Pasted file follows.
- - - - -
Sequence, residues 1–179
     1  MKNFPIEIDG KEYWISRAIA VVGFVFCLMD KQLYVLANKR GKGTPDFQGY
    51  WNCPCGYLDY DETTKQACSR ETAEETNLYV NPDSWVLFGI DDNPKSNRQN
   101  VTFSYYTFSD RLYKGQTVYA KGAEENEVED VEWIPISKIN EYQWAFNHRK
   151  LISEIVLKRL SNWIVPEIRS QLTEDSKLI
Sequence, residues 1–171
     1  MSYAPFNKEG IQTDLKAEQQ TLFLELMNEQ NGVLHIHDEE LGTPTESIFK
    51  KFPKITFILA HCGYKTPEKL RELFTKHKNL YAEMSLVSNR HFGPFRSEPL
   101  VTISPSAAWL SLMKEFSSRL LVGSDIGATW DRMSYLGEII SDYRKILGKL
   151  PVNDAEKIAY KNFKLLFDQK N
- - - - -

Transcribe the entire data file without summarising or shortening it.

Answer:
Sequence, residues 1–179
     1  MKNFPIEIDG KEYWISRAIA VVGFVFCLMD KQLYVLANKR GKGTPDFQGY
    51  WNCPCGYLDY DETTKQACSR ETAEETNLYV NPDSWVLFGI DDNPKSNRQN
   101  VTFSYYTFSD RLYKGQTVYA KGAEENEVED VEWIPISKIN EYQWAFNHRK
   151  LISEIVLKRL SNWIVPEIRS QLTEDSKLI
Sequence, residues 1–171
     1  MSYAPFNKEG IQTDLKAEQQ TLFLELMNEQ NGVLHIHDEE LGTPTESIFK
    51  KFPKITFILA HCGYKTPEKL RELFTKHKNL YAEMSLVSNR HFGPFRSEPL
   101  VTISPSAAWL SLMKEFSSRL LVGSDIGATW DRMSYLGEII SDYRKILGKL
   151  PVNDAEKIAY KNFKLLFDQK N